Access to international trade in intermediate inputs boosts innovation and productivity for domestic firms, according to this study. However, these dynamic gains from trade depend on complementary policies such as access to finance, access to skilled labour and macroeconomic stability.
A 50% reduction of trade barriers by G20 economies, complemented by active labour and adjustment policies, could generate more jobs, higher real wages and increased exports, according to new OECD analysis. (OECD Trade Policy Working Paper no. 107)
Consult our series of studies, free to access and download, on issues including trade liberalisation, trade restrictions, trade in services and the Aid for Trade initiative with developing countries.
The chemicals sector has a long history of innovation and is a large trading item. This paper analyses and compares different trade and innovation linkages in basic industrial chemicals, specialty and fine chemicals and consumer chemicals.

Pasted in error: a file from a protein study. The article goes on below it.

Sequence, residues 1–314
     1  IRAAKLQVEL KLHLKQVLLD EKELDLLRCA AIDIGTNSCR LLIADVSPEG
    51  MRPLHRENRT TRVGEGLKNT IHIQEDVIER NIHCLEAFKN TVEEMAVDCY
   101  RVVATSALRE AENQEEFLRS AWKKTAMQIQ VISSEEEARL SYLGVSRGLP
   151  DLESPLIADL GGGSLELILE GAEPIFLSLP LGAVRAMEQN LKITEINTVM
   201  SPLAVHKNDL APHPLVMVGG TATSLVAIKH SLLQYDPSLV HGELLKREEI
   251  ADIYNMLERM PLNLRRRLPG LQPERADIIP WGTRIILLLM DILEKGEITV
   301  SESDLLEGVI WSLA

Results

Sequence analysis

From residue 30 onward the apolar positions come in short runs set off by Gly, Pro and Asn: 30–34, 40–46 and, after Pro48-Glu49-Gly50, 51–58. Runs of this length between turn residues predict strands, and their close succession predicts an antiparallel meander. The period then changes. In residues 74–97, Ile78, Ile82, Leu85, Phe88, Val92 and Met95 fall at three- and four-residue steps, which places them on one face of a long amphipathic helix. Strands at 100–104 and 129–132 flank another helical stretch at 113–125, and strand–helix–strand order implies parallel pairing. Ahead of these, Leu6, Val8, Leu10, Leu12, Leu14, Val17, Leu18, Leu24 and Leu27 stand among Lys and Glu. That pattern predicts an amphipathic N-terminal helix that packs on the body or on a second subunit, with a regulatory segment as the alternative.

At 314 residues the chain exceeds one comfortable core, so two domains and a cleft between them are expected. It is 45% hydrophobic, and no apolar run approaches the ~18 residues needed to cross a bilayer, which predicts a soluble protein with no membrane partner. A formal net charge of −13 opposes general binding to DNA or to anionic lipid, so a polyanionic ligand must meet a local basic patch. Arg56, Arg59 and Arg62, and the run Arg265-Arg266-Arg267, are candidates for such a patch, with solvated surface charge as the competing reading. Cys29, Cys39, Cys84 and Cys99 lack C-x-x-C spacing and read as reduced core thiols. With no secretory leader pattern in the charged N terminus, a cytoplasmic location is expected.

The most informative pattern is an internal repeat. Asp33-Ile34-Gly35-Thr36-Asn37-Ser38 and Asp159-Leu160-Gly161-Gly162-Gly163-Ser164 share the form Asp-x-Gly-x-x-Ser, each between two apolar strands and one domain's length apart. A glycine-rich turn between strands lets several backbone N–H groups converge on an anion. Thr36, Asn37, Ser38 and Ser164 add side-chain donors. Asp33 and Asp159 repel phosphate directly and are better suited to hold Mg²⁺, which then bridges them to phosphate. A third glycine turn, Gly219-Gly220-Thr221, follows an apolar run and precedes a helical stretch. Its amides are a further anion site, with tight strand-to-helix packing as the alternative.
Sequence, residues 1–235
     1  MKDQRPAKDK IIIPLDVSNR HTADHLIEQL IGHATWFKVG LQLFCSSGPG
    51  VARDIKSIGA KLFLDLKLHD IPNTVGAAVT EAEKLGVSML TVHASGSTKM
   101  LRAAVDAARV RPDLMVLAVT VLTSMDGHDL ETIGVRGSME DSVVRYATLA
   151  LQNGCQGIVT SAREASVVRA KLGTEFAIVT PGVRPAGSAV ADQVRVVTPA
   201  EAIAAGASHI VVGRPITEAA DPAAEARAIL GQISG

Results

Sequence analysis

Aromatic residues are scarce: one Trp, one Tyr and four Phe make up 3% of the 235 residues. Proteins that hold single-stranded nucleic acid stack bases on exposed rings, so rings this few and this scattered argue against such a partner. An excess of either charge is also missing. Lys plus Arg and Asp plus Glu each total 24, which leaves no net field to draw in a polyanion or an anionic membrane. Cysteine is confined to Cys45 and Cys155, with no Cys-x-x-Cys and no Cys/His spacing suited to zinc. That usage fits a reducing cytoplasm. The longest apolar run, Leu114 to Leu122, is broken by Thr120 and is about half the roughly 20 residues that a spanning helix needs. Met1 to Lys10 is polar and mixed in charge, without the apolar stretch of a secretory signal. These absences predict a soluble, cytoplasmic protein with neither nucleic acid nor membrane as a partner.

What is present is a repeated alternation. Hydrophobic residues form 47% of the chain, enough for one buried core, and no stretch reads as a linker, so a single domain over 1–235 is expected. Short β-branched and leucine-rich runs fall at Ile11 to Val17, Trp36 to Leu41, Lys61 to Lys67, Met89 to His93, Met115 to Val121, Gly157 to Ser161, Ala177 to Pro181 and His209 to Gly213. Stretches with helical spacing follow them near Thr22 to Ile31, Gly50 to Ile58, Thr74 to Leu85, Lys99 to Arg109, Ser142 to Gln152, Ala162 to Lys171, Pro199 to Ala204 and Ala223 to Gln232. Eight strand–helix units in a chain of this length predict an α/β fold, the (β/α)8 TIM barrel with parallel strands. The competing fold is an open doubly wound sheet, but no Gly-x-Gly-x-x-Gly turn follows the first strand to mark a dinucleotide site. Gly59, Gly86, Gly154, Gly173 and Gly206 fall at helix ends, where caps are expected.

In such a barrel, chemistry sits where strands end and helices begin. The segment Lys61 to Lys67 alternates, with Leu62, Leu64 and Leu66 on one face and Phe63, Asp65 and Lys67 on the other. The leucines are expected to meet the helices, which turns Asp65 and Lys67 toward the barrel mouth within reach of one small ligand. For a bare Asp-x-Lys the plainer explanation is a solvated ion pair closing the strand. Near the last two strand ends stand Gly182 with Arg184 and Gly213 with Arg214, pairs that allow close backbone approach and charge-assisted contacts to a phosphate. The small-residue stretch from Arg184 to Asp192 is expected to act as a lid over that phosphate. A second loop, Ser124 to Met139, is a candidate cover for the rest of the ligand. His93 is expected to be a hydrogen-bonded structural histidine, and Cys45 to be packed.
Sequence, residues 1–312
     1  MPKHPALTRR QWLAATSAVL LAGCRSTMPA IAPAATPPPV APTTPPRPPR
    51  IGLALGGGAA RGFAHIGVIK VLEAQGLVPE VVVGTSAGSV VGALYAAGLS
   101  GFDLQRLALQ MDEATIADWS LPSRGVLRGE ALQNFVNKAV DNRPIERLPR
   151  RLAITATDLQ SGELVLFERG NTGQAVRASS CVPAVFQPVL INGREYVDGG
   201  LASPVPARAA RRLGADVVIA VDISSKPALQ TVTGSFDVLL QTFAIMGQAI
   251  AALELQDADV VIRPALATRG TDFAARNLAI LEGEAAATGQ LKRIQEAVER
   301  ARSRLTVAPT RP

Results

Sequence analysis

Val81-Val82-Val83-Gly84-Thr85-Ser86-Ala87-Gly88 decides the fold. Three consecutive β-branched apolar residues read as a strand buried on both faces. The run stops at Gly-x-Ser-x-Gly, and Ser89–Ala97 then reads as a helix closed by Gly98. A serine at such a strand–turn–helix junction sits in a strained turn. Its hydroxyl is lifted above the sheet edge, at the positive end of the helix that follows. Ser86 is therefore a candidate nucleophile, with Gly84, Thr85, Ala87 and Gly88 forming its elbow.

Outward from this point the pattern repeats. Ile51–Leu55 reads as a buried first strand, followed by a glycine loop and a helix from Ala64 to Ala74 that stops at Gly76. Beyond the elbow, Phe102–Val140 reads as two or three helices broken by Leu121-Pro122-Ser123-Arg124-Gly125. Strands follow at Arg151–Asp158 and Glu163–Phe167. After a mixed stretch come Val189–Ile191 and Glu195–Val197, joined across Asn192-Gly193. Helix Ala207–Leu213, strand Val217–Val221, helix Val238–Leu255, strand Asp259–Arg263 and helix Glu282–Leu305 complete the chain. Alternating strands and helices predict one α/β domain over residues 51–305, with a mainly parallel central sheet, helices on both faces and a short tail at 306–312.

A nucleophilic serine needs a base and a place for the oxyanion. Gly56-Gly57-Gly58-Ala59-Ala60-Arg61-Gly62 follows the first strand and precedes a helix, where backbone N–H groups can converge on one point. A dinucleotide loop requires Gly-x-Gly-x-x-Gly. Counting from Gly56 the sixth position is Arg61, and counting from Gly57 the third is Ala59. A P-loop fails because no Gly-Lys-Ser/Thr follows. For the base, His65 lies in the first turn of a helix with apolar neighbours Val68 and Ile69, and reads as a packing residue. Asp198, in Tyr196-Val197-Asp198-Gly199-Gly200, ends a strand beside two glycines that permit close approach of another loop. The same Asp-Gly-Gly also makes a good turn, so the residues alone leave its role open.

Export restrictions on raw materials, including commodities like metals and minerals, are not always effective in meeting policy objectives and should be subject to greater transparency, says this OECD study of recent trends in these measures.
This study analyses the extent to which e-commerce provisions in existing regional trade agreements (RTAs) can be multilateralised, and proposes two broad approaches for doing so.
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How do international standards affect international trade? This paper surveys empirical studies investigating this relationship, focusing on econometric studies.
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Using key principles and provisions of the WTO Agreement on Technical Barriers to Trade (TBT) as a yardstick for analysis, this paper examines whether and how eight major regional integration agreements in Sub-Saharan Africa address TBT.
Metals and minerals such as copper, titanium and rare earths are used to produce high-tech and energy-efficient goods such as hybrid vehicles, computers and aircraft. This paper looks at the impacts of export restrictions often put on these raw materials.
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Maritime transport costs have a significant impact on the trade in agricultural goods. Maritime transport costs represent a high proportion of the imported value of agricultural products -- 10% on average, which is a similar level of magnitude as agricultural tariffs.